Now, I am not trying to discount these reasons. They have a lot of truth to them and some of them are quite logical, but why are they the main focus? What happened to giving halakhic explanations? Now, I know that for those who could not care less about the black-and-white of halakha or want something that appeals to their emotions more, such explanations will do the trick, but what about the others? What about those that don't subscribe to all this feel-good stuff that gets thrown at them by books, speakers, and teachers? What about people who want something more than that, who want an actual source?
Of course, if you only speak of sources and halakhic explanations in a school for girls or in a book that is aimed at teenagers, you will get nowhere. It is important to explain it in a way that will appeal to them, but at the same time it is necessary to also talk about halakha using a frank, direct approach so that girls should not think that they only need to follow the halakha for as long as it makes them feel good.
I once approached a friend of mine who was reading a book for teenagers about shomer negiah, and I remarked to her that although it is good that she is reading it and I hope that she gains something from it, she should keep in mind the halakhic reasons and she should also realize that we do not keep shomer negiah because it makes us feel all good inside but because G-d issued His commandments and we follow them. Otherwise, if you are only shomer negiah because you think you will benefit from it or it makes you happy or will prevent regrets, what happens if one day you give up on that and decide that it in fact does not make you happy and you do not see any immediate benefit in it?
Once you bring things down to the human level and think about the Torah in terms of your emotions and how you feel about its commandments, you are in dangerous waters. If you only do what makes you feel good, who's to say you will follow halakha? I mean, if you need the feel-good reasons because they will encourage you in your Torah observance, then by all means, go ahead! But they should not be your only reasons. They should complement, not supplant.
I began this blog on April 1st, 2009. I had spent a couple of weeks before that wondering if it was worth it or not, if I should or I should not. But I started. I had no idea who would be reading my blog or in which direction it would go, but I plunged into it and began posting. At first, I had a lot to say and would write, on average, 15 posts a month. That number reached its peak at 19 in August 2009, when I was in Israel and had so much to say and to share, but dwindled to single-digit numbers once the school year started.
I am still here, still writing, still thinking, and you will have to believe me when I say that I have not abandoned my blog (although it sometimes seems like it when I do not post for long stretches of time).
Anyway, I just want to thank my readers (and especially those who comment, since feedback is always appreciated), and here's to another year of blogging. :]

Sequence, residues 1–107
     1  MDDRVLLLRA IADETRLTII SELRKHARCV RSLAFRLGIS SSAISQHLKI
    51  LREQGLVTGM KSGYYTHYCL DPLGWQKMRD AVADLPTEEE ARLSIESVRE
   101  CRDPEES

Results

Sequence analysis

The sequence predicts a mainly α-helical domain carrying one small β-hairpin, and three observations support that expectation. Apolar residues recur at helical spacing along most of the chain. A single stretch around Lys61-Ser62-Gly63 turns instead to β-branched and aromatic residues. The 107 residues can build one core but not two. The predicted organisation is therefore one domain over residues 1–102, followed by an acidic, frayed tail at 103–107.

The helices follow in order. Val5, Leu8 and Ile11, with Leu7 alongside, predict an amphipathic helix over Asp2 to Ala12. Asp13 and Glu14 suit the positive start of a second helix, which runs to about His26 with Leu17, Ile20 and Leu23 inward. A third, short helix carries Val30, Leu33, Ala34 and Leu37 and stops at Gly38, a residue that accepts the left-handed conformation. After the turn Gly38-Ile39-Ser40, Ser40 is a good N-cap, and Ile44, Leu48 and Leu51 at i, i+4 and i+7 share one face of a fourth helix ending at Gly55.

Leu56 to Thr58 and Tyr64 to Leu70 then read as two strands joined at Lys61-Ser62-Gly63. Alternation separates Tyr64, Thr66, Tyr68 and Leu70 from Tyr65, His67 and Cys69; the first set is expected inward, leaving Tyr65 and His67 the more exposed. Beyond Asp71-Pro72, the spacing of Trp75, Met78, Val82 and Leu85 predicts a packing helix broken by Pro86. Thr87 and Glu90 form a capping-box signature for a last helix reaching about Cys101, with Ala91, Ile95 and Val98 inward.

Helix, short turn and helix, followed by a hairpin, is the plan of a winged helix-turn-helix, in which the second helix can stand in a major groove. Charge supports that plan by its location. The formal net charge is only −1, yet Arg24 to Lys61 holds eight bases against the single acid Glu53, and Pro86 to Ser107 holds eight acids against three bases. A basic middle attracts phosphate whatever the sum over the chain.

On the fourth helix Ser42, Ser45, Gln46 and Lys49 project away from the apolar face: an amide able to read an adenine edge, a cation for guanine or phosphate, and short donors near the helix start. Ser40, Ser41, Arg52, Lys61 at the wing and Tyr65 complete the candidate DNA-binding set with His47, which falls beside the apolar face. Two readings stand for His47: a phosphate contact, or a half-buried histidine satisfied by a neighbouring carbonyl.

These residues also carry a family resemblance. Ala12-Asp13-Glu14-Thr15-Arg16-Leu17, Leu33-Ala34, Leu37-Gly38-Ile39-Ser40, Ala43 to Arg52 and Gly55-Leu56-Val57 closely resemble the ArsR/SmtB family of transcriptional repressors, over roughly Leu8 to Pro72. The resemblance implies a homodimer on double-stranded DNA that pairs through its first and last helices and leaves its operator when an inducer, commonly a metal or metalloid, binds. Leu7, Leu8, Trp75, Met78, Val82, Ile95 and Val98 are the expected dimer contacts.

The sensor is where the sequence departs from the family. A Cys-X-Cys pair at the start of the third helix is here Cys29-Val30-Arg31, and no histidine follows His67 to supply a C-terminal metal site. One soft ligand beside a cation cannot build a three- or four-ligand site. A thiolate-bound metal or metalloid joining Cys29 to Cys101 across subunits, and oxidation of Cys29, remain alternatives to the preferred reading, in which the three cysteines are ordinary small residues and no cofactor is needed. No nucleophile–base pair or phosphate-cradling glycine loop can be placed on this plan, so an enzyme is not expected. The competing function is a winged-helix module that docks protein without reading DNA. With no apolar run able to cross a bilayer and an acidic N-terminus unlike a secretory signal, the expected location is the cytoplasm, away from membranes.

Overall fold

- I am a student at Stern College (Yeshiva University) and a young writer with an interest in observing the world and recording in writing what I see, feel, and think. I appreciate expression and most forms of art, which are themselves forms of expression infused with beauty. It is my belief that beauty can be found in the most unexpected places and people if one only looks for it. It can also be found in fear, in anger, in despair -- and it is the job of the writer, the poet, the artist, the photographer, the filmmaker, the actor, the musician, and the performer to convey that to the audience... And I want to be that writer. I also want to be the girl who lives life loving every moment of it and being thankful to G-d for all the wonderful things in this world even when it seems difficult. I love to learn, to understand new ideas, to see the breathtaking way in which things fall into place. I want to get the most out of every moment of this thrilling rollercoaster we call life.
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Words of Wisdom
~ Eric A. Burns
"Those who dream by day are cognizant of many things which escape those who
dream only by night."
~ Edgar Allan Poe
"The dreamer whose dreams are non-utilitarian has no place in this world. In this world the poet is anathema, the thinker a fool, the artist an escapist, the man of vision a criminal."
~ Henry Miller
"Beauty of whatever kind, in its supreme development, invariably excites the sensitive soul to tears."
~ Edgar Allan Poe
"There is no mistaking a real book when one meets it. It is like falling in love."
~ Christopher Morley
"Creativity is a drug I cannot live without."
~ Cecil B. DeMille
"After silence, that which comes nearest to expressing the inexpressible is music."
~ Aldous Huxley
"There is only one admirable form of the imagination: the imagination that is so
intense that it creates a new reality, that it makes things happen."
~ Sean O'Faolain